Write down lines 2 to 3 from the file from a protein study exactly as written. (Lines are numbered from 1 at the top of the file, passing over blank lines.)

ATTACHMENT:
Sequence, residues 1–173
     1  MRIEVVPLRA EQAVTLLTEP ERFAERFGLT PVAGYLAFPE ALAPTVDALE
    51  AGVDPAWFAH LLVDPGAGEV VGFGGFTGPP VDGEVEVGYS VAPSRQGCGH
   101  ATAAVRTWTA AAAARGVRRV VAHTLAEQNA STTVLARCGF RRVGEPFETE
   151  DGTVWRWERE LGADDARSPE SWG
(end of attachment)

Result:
     1  MRIEVVPLRA EQAVTLLTEP ERFAERFGLT PVAGYLAFPE ALAPTVDALE
    51  AGVDPAWFAH LLVDPGAGEV VGFGGFTGPP VDGEVEVGYS VAPSRQGCGH